4. Collaborate with Coaches: Work closely with your coaches to identify key points of emphasis and develop a game plan based on your film study findings.

5. Repeat:  Watch an opponent’s film more than once.  Don’t just watch one or two games and think you’re ready.  It’s ok to watch the same game several times.  I can assure that each time you watch a film you see something new and pick up more clues.  That’s just natural.  I can’t tell you how many times I picked up a major key to an offense on the 3rd or 4th time watching the same game.  Finding the key to a play, a player or an entire offense before you play them is a big thrill.  Take my word for it.

Lifting weights,  running sprints and performing drill work is essential in your journey to become a great defensive back.  Equally or even more important than those things are having an understanding of how you will be attacked when you are playing the game.  A great general does not go into battle without studying his plans and the movements of the opposing army.  That is a recipe for death.  If you want the interceptions, pass break ups, caused fumbles and all the other goodies that defensive backs yearn for,  you’ll have to love to study.  Anticipation is the mother of success.  You have to see it before you be it.  Watching film puts you in the game and on the field before the kickoff.  How good are you at something when you have done it already?  Film study allows you to do that.  Learn to love it.  That’s how you ‘Play Defense’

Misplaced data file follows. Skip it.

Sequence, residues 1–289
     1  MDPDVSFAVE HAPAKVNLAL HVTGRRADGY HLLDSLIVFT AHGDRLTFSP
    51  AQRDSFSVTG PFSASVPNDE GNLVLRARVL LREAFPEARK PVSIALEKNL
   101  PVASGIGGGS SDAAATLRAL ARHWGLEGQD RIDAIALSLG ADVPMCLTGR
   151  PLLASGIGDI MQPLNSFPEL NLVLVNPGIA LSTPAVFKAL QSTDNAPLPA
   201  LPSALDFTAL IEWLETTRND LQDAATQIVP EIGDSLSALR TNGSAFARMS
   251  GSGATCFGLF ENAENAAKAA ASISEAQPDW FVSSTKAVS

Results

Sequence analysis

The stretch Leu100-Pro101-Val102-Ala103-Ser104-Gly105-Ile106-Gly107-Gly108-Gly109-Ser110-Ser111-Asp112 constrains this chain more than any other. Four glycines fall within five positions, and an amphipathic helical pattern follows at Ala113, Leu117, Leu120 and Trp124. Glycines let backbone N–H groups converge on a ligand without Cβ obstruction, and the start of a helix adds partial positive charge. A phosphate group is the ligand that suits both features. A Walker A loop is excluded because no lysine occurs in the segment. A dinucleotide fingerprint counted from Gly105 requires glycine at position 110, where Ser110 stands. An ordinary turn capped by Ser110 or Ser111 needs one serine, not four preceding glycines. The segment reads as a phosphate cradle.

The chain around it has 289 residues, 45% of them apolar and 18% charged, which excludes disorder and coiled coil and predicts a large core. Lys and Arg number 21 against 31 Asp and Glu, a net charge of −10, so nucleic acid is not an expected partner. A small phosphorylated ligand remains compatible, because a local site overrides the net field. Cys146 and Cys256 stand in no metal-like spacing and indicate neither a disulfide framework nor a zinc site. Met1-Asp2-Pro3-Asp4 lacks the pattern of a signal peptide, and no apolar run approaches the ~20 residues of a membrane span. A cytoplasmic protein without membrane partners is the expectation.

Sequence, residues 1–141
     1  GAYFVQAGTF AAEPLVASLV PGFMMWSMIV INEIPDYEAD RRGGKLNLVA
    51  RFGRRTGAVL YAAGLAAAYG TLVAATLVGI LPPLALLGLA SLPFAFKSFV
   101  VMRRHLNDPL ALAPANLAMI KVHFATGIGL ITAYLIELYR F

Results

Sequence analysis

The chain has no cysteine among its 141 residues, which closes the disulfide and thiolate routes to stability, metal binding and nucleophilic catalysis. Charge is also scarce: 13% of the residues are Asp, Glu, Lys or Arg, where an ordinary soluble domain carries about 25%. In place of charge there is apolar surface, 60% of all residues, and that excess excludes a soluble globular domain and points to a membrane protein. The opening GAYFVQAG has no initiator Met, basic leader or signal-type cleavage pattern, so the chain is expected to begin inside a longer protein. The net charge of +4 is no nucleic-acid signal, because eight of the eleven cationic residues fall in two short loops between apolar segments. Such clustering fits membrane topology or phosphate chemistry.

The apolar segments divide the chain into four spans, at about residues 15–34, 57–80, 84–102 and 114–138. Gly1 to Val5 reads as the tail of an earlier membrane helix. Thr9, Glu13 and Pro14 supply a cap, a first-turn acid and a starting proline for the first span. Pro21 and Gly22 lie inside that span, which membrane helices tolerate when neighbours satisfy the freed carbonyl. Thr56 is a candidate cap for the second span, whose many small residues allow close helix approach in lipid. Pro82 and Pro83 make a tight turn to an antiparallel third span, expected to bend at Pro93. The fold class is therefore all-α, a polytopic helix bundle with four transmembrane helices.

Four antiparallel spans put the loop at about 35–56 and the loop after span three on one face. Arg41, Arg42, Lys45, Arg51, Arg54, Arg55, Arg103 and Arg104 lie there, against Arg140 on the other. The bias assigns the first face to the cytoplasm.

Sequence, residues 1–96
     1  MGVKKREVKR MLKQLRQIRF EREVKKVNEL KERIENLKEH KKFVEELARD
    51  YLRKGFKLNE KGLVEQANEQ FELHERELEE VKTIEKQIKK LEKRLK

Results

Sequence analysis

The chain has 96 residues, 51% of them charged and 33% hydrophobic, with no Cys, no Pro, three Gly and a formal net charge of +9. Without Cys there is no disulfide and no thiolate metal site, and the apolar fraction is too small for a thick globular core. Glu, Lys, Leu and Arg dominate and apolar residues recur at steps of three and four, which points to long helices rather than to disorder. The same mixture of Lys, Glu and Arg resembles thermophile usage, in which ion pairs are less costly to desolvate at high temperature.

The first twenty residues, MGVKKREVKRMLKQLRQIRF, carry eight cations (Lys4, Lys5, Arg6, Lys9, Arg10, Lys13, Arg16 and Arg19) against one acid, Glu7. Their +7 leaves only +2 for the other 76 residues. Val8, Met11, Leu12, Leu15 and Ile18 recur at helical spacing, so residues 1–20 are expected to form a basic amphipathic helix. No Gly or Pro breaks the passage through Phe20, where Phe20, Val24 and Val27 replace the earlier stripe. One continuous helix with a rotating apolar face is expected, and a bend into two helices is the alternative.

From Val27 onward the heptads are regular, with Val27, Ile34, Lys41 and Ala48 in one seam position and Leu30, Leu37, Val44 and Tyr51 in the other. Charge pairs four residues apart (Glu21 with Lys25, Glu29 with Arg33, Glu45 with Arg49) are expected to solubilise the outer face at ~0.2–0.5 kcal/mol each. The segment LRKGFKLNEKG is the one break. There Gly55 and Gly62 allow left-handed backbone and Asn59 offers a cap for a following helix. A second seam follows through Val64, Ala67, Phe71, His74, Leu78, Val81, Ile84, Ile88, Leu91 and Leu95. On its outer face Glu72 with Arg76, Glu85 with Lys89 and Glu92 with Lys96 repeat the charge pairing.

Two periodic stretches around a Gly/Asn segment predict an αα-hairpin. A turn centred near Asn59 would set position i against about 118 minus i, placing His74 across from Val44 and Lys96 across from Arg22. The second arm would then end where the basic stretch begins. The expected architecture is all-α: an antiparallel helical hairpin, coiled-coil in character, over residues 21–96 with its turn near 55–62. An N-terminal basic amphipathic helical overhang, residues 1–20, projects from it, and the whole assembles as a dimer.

Author: Chad Wilson

Chad Wilson is the owner of All Eyes DB Camp and author of "101 DB Tips". He played college football at the University of Miami and briefly in the NFL for the Seattle Seahawks. Over his 15 year high school football coaching career, he tutored over a dozen Division I defensive backs and as a trainer has worked with NFL All Pros, first round draft picks, college football All Americans and Top 10 ranked high school football prospects.

How useful was this post?

Click on a star to rate it!

Average rating 0 / 5. Vote count: 0

No votes so far! Be the first to rate this post.

You must be logged in to post a comment